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Holding Their Ground: Mexican Farmers Fight Back Against Monsanto

For related articles and more information, please visit OCA's Genetic Engineering page and our Millions Against Monsanto page.

 "The Conquistadors came and they subjugated us and they killed us, but they couldn't make us disappear because we always had corn. Through corn, we survived and we kept our feet in our territories. With corn at the center of our homes we kept our languages, kept writing our histories. We continued as villages, as families, as workers, as fighters, as a community with our own government, because we had and because we have corn.  Now, with the invasion of genetically modified corn they are trying to throw a mortal blow at our existence, the blow that they have not been able to throw in 500 years."

--The Organizations and Communities of the Network in Defense of Maize (Translated from Spanish from the article El maiz, corazon de la esperanza de los pueblos-Corn, heart or the hope of the village-by Veronica Villa of the Red Maiz-Network in Defense of Corn)

As huge American Biotech companies Monsanto, DuPont, and ConAgra await imminent approval of their requests for permits to plant more than six million acres (an area larger than the size of El Salvador) in Mexico with GMO corn, resistance by peasant and indigenous organizations and their allies is mounting. If approved, this will be the first time commercial planting of GMOs has been allowed in the center of biodiversity of any crop.  Although the stakes at this moment could not be higher, this is not a new battle. When Cortez conquered Mexico in the 1500s, the Spaniards began an offensive against what they viewed as lowly corn, trying to force indigenous farmers to grow wheat instead. Their efforts failed, as have countless attempts throughout Mexico's history to eradicate a "corn culture" in which corn is more than a livelihood, more than a food, but also an identity, a basis of religion, and a part of the family.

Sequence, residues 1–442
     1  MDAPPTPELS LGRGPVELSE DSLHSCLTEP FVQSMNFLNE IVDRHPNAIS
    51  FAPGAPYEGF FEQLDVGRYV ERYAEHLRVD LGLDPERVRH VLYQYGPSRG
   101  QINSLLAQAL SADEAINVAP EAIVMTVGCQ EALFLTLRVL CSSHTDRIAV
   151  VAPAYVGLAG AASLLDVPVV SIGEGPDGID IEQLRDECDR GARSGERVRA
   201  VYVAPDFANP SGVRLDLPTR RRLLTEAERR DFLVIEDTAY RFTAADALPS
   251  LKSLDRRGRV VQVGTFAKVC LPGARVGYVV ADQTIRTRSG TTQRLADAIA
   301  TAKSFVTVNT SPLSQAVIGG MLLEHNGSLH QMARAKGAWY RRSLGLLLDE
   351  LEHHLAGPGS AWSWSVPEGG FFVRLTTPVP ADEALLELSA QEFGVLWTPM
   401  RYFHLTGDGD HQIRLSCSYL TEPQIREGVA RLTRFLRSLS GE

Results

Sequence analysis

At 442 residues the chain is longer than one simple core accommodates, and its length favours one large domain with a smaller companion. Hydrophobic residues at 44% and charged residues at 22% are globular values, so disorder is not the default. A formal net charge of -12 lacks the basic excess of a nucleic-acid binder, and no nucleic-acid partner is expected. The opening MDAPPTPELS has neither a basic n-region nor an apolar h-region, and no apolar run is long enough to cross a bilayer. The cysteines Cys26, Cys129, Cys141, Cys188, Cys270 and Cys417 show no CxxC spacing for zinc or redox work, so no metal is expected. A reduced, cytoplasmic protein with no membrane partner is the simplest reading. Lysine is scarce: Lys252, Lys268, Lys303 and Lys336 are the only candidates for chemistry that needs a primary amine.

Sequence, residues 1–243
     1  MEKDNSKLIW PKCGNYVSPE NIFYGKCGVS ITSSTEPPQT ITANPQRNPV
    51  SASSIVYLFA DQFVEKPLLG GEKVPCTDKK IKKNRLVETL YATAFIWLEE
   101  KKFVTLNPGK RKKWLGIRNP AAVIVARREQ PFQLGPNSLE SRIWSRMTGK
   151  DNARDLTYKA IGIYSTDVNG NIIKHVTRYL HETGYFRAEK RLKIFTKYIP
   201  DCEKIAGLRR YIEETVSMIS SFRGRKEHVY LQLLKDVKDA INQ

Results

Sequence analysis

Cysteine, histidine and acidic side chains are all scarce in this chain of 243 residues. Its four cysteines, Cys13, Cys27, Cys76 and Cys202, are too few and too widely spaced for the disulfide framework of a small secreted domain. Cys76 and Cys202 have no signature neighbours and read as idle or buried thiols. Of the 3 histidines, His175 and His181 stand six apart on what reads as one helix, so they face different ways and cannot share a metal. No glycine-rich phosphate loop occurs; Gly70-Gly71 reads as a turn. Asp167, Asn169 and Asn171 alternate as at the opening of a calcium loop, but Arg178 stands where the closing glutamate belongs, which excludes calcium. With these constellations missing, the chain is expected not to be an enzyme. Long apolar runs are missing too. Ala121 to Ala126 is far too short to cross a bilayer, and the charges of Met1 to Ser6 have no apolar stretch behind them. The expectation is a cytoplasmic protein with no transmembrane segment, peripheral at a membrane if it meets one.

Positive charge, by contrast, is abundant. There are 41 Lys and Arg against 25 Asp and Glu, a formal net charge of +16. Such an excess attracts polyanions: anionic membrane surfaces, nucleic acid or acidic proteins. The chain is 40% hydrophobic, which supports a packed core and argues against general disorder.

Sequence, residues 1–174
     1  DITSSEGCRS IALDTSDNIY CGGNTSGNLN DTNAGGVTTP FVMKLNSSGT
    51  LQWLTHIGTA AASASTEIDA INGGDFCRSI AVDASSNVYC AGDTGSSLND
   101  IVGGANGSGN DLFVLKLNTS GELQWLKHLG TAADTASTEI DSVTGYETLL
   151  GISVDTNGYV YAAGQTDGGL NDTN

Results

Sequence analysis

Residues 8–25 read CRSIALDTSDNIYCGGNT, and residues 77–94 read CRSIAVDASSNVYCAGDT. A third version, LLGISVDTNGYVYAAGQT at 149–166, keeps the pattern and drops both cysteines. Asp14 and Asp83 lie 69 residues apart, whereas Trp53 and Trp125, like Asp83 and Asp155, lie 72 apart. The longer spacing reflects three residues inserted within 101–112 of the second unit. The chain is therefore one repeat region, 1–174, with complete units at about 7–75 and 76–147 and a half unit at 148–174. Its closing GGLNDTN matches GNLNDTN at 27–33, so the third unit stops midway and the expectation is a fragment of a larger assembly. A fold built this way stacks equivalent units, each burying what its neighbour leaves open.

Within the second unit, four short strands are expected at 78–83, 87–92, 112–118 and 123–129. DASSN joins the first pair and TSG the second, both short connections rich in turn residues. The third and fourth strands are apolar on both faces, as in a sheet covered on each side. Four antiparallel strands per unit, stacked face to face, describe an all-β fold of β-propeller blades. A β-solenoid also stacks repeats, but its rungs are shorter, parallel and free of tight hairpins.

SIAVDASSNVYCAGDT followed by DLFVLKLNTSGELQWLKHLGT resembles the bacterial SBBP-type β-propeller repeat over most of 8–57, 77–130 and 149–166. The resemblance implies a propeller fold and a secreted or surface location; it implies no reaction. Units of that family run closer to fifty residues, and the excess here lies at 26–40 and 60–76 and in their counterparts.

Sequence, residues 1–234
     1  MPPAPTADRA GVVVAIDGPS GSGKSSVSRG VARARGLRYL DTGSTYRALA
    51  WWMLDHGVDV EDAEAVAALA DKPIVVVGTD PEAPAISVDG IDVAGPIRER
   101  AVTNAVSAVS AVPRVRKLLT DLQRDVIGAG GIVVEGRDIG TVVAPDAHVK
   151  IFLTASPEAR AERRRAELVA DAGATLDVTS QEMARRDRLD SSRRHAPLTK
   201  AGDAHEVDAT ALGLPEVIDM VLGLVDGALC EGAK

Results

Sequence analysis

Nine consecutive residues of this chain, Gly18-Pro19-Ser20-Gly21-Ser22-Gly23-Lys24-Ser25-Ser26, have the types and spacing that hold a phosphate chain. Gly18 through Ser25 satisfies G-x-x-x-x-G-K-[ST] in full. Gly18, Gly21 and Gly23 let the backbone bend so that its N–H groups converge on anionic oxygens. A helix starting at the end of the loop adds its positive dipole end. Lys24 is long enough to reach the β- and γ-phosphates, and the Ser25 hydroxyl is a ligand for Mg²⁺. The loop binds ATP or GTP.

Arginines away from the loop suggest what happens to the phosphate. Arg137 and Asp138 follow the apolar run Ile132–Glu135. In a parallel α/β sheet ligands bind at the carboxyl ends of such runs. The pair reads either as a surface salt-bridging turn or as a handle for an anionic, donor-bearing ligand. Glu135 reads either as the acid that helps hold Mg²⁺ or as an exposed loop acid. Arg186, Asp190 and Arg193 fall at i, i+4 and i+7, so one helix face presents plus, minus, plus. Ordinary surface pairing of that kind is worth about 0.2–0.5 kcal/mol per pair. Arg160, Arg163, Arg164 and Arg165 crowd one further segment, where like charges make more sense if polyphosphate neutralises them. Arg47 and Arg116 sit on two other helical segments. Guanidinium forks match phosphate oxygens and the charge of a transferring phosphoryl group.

At stake today are indigenous and campesino (peasant) cultural rights; Mexico's food sovereignty;  Mexico's enormous biodiversity of corn adapted for countless climates, soils, and conditions; and the nation's health (one of the types of corn they wish to grow, MON603, caused tumors-and other maladies-in rats in a recent peer-reviewed study by French scientist Gilles-Eric Séralini published in the journal Food and Chemical Toxicology).

The Mexican Government seems to be convinced by biotech firms Monsanto, Dow, and ConAgra which hold that genetically engineered crops are necessary in Mexico to ensure that there is enough corn to feed the population, but the evidence does not bear out this argument. In 2009, 13 years after GE crops were first planted in the United States; Union of Concerned Scientists researcher Doug Gurian-Sherman published a study showing that GMOS crops do not produce higher yields than traditional crops.  

One of the chief proponents of genetic engineering in Mexico is Victor Villalobos, now the head of the InterAmerican Institute for Cooperation in Agriculture (IICA).  Villalobos is a scientist who argues that biotechnology is the way forward for Mexico. In his 2008 book Transgenicos: Oportunidades y Amenazas (GMOs: Opportunities and threats) he promotes the use of GMOs as necessary to feed Mexico's growing population. But just as numerous US government officials have been on Monsanto's payroll (The Organic Consumers Association spells out the details of this revolving door), it seems that Dr. Villalobos is not as impartial as he would like to appear. The Henrich Böll Foundation published a report (see page 151) which shows Villalobos' connection to Monsanto. When Villalobos was Sub-Secretary of Agriculture leading the way for the Mexican Government to approve experimental GMO corn plots, he was also on the board of the Mexican Company Grupo Pulsar whose subsidiary Seminis is now owned by Monsanto.


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